[Tagging] The value of the list (was Observations of the use of the diet: tag)

Martin Koppenhoefer dieterdreist at gmail.com
Wed Jul 3 12:35:38 UTC 2013

2013/7/3 Serge Wroclawski <emacsen at gmail.com>
> OSM data is a key/value store. What people decide to put in those
> key/value pairs is up to them.

yes, up to the point that they are using duplicate values for well
established keys. As we can only put one value for a key, the well
established one should be used when it comes to tagging something for what
there is already a convention.

> What I've found, over years of participating, is that:
> 1. This list is a small subset of OSMers. It doesn't represent many of
> the supermappers, and it doesn't include editor authors or renderer
> people either.
> In other words, it's a small, self-selected group of people who are
> spending a lot of time talking, or arguing, in an echo chamber.

every one is invited to take part in tagging discussions. If you decide not
to do so, you shouldn't complain afterwards that your ideas aren't

> 2. This list's idea of "good tags" differs from the OSM community at large.

don't agree.

Most OSMers dislike complex schemes, and will avoid relations when
> they can. But relations are quite common here.

actually my experience is that relations aren't very common here. Most
mappers have understood that something that can be expressed without a
relation should be done so.

> The same goes for colon
> tags, which are heavily proposed (such as in the "diet" proposal) but
> not often used by the public except in very limited circumstances
> (addr).

colon tags have the advantage of creating kind of a namespace that helps
distinguishing and avoiding misinterpretations and the disadvantage that
you have to type more text (not a real problem with autocompletion, but
yes, it is a disadvantage).

> 3. This list often ignores usage
> If two proposals are up for discussion, there seems to be little or no
> weight placed on existing usage vs this list's idea of "correctness".

Personally I don't share this observation (I think usage numbers play a
role in the discussions here), but you'll also have to see "usage" numbers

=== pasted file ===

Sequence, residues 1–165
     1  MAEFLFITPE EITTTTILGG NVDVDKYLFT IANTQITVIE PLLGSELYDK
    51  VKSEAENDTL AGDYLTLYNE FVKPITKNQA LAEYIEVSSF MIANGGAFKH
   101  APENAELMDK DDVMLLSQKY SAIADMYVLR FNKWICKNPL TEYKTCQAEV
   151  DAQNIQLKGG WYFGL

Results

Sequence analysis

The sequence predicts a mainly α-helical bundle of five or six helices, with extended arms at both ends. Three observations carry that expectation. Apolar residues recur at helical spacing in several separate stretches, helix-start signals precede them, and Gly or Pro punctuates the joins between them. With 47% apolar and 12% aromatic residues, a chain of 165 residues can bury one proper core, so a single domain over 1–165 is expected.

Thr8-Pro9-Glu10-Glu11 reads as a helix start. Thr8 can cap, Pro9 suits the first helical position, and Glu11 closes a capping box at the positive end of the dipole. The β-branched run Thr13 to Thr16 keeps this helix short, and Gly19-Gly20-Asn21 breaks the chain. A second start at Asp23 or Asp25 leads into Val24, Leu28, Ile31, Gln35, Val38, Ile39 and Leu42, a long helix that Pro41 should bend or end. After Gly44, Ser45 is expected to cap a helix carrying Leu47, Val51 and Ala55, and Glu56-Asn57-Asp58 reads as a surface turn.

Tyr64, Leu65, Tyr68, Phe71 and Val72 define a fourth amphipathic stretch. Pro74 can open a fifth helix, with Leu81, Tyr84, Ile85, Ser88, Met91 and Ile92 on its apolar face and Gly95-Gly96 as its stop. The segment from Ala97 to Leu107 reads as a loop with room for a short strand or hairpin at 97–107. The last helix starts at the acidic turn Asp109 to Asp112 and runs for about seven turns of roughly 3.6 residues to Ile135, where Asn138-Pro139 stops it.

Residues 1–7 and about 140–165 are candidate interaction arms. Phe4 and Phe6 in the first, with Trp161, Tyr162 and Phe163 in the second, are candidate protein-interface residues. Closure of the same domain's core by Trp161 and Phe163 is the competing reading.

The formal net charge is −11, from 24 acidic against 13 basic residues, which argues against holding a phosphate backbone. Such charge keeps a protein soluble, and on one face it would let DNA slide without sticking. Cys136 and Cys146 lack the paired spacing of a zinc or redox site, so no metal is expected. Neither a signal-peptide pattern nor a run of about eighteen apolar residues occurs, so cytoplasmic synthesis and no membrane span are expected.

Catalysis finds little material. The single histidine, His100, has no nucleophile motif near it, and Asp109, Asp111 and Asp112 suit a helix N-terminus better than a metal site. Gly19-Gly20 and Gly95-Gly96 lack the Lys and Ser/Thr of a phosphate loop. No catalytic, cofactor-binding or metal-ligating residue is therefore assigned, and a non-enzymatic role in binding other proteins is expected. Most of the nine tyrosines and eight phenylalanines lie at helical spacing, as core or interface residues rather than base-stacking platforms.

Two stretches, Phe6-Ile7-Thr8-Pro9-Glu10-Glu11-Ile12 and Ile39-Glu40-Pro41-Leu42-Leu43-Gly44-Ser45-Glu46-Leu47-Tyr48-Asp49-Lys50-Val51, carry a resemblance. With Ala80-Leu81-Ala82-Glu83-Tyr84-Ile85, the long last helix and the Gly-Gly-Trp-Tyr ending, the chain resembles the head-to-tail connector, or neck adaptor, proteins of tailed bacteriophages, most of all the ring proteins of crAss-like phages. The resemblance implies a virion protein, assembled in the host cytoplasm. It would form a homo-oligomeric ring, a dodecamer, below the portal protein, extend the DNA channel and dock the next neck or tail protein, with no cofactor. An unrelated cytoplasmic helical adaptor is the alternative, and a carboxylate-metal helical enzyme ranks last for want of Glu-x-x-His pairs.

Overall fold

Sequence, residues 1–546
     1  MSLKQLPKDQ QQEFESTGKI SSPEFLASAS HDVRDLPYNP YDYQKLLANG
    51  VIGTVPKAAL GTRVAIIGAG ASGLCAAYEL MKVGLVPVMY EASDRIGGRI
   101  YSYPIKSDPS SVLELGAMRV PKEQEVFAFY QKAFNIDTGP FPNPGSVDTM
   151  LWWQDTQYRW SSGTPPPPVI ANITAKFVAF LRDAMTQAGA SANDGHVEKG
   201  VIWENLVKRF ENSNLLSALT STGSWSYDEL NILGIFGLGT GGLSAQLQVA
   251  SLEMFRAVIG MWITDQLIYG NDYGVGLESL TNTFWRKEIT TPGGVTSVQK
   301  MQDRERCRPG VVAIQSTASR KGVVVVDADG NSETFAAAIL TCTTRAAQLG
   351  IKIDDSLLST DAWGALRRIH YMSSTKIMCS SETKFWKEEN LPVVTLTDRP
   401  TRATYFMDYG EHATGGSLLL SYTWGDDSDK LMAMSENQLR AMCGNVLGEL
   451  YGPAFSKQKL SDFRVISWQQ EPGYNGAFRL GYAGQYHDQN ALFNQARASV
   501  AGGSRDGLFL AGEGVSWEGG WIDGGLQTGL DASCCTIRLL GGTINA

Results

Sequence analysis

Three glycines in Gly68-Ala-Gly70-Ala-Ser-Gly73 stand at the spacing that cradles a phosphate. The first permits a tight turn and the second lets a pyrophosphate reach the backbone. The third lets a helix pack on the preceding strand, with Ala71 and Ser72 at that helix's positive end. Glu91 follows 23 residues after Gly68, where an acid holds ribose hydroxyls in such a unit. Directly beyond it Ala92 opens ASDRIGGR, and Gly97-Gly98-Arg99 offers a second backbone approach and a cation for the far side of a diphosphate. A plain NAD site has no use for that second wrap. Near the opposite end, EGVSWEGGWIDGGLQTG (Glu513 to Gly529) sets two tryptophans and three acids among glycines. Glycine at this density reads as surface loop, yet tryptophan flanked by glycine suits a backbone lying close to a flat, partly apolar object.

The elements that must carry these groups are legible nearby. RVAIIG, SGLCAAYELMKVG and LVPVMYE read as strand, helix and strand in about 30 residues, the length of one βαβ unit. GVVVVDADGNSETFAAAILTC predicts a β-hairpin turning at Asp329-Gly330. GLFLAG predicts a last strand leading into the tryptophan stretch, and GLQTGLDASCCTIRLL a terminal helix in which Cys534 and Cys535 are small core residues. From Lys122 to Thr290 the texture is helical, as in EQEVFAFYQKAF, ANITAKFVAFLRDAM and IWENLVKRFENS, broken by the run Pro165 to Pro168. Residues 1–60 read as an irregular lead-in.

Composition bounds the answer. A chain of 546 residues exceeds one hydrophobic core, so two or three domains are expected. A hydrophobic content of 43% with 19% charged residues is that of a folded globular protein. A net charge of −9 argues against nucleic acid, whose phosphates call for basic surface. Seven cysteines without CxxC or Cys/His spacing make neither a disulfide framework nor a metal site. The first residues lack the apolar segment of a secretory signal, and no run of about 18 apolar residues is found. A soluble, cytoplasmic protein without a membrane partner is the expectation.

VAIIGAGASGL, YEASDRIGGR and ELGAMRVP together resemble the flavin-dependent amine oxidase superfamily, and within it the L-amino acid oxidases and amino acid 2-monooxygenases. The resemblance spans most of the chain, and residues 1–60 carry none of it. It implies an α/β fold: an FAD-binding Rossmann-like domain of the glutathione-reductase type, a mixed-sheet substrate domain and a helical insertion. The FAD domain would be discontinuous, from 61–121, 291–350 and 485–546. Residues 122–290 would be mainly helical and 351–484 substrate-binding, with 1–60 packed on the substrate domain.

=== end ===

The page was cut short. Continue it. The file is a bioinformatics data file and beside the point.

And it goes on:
in the context of how many of these features potentially exist in the real
world, and how many are already mapped. If there a 2 tags for the exact
same thing and one is used 10000 times, the other 23 times, it seems clear
(as long as there aren't serious problems with these 10000 tags), but when
one tag is used 120 times and the other 40 times (for a feature that occurs
"often") it is a good idea to look at the semantics and implications of
both ways of doing it, without giving too much importance to the actual
(small) use numbers. Another problem with usage numbers is, that one single
import can distort heavily the statistics, so looking at how many different
people have used a tag also makes sense.

> There is value in having a place to discuss issues of a tagging
> question, or problem, but I fear that this list isn't it.

do you know a good alternative? In my experience tags are often developed
on a national level (on national mailing lists) and when there is some
agreement the proposal will be pushed to [tagging] to get comments from the
international community.

> If people on this list wanted to do more community work that wasn't
> mapping, there would be tremendous value in going in to the wiki,
> finding the tags that are in use but not documented well, and
> expanding, or translating those pages.

how could they do the expansion? How would they know what definition a
mapper had in mind when using a specific tag that is not or not
sufficiently documented? How could they even know what is a sufficient
definition? OK for translations, but unilateral amendments?

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